Speaker & Podcaster

Tiny DevOps

Implementing Continuous Delivery in Reverse

Conventional wisdom tells us that an automated CI (Continuous Integration) pipeline is the necessary first piece to a CI/CD (Continuous Integration/Continuous Deployment) pipeline. Typical advice for adding CI/CD to an existing project goes something like this:
Write a bunch of automated tests.
Automate the running of your unit tests for every code change with a CI tool.
Find some way to instill responsibility and trust into every member of the team.
Finally automate the deployment process.
In this talk, I challenge the conventional wisdom, and offer my proven approach that skips steps 1-3, and explains how to do so responsibly and confidently.
The goal of this presentation is to inspire anyone who feels that modern CD is beyond their reach, by showing them a simpler, proven way to implement CD quickly. Rather than seeing CD as a far off, distant end goal, I intend to change the listener’s mindset to see this “Reverse CD” approach as a starting point to Continuous Improvement of software delivery.
I’ll go over the reasons why this reverse approach not only works, can also actually be more effective by freeing your team to work on what matters most from a business standpoint, rather than focusing on automation for its own sake.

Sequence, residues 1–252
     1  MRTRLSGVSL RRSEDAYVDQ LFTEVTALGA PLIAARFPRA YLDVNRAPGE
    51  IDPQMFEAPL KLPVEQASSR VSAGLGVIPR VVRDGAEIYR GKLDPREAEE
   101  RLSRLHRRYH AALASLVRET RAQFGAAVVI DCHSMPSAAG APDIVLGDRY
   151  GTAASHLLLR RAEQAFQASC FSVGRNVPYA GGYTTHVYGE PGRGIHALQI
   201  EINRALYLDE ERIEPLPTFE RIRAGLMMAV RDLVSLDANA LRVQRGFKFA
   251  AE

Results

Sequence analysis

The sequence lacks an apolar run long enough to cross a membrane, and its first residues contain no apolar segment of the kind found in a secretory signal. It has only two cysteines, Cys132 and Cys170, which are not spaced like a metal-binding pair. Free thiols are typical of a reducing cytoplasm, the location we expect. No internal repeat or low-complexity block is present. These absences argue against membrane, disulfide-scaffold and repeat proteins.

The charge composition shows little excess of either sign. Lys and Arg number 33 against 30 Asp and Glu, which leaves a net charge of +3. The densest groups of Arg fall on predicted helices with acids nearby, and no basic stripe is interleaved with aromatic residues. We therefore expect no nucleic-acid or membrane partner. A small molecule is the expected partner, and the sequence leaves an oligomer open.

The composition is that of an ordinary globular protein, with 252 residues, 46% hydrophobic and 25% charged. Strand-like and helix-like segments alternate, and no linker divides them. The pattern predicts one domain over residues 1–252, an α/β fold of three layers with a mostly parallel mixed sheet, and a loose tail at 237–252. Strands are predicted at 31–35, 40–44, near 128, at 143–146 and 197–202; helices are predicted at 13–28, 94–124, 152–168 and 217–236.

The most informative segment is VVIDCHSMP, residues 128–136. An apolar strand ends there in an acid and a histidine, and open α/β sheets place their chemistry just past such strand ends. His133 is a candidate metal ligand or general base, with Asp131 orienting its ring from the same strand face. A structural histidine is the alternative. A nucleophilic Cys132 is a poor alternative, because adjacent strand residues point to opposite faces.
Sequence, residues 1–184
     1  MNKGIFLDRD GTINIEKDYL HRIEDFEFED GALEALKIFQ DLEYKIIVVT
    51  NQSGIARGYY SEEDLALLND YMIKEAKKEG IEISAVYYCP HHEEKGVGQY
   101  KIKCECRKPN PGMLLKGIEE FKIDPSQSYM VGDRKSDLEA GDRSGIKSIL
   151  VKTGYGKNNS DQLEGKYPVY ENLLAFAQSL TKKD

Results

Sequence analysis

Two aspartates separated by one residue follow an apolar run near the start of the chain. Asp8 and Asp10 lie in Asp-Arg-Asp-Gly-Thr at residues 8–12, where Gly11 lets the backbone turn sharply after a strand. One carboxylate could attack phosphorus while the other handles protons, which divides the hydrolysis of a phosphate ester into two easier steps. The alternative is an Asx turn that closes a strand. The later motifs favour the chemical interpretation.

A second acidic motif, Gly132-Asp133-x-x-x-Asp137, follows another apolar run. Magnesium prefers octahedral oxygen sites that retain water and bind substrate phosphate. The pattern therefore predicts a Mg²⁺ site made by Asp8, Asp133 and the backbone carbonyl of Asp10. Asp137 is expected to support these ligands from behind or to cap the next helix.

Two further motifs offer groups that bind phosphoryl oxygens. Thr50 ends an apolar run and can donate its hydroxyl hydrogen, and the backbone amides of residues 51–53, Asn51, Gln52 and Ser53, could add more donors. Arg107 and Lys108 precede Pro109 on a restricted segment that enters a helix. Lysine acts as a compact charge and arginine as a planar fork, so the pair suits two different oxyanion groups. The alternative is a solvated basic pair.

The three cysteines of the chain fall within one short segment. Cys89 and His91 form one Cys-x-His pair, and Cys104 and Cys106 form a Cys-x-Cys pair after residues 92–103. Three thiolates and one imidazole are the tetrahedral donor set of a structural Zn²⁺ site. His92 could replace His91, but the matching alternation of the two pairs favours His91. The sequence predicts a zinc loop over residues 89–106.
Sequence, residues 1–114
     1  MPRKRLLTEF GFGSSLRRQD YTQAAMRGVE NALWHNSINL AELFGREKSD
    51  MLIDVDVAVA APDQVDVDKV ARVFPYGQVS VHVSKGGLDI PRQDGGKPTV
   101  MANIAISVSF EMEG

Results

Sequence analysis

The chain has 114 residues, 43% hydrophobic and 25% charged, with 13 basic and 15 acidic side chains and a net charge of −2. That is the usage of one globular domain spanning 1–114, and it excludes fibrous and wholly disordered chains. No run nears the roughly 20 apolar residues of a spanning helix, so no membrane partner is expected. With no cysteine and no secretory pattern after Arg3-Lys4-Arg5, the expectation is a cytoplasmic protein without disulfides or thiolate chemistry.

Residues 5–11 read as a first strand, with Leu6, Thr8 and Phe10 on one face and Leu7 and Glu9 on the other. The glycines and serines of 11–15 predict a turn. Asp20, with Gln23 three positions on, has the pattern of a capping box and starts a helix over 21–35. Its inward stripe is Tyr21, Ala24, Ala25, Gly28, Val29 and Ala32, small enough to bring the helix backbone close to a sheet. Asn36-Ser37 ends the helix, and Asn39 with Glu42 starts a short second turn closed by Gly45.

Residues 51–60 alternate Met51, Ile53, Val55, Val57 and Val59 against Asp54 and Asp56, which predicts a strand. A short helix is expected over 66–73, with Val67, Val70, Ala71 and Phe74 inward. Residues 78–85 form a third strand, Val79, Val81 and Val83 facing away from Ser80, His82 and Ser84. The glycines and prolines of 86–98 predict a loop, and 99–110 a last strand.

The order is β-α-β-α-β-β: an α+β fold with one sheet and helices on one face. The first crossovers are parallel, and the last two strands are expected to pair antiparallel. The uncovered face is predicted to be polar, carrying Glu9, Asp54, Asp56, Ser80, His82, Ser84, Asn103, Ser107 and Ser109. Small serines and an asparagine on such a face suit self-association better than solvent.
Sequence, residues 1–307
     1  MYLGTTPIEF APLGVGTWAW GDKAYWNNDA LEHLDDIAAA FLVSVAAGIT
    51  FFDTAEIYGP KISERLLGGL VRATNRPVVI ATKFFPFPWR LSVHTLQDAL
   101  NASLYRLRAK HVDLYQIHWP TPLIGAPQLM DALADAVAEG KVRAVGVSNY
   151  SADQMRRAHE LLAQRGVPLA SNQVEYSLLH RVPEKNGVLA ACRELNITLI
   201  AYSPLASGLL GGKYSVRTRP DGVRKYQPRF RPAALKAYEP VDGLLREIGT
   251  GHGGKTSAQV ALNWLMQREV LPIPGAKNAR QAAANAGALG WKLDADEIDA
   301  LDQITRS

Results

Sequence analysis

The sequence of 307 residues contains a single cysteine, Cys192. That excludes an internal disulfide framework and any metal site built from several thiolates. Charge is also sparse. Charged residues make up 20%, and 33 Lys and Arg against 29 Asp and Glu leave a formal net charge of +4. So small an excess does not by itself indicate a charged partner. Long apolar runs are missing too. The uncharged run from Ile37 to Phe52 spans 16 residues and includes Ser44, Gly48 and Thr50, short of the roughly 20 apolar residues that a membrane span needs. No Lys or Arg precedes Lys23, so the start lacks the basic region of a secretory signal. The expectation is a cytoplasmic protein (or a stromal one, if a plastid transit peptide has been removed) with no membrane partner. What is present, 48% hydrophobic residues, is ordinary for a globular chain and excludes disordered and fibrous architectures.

I’ll explain the tactical steps to be taken to implement CD “in reverse”, from the Definition of Done, to build automation, and trunk-based development.
I’ll address the most difficult obstacle to overcome as well: The psychological barrier to automation, and how this can be addressed to the team and management with empathy.
I will also relate anecdotes from my experience implementing Reverse CD at various companies, ranging from a monolith to microservices, as well as single-person projects.
While the approach is tool agnostic, I’ll touch on some of the particulars of using a few common tools such as GitLab CI and GitHub actions.


Hi! I’m Jonathan Hall, and 15 years ago a disastrous multi-day technical failure sparked a life-long specialization in improving processes to avoid such needless pain.

Since then, I have worked with many teams on problems big and small, from the highly tactical, like improving coding practices, to the more strategic, like organizational restructuring. And what may be surprising to some is that in my experience, and without exception, my biggest successes have been on the smallest teams.

Much of the DevOps literature out there focuses on hyper-growth companies like Google, Netflix, and Uber, but it is my firm belief that with the right mindset, agile and DevOps principles can be at least as effective—nay, more so—on “tiny” teams.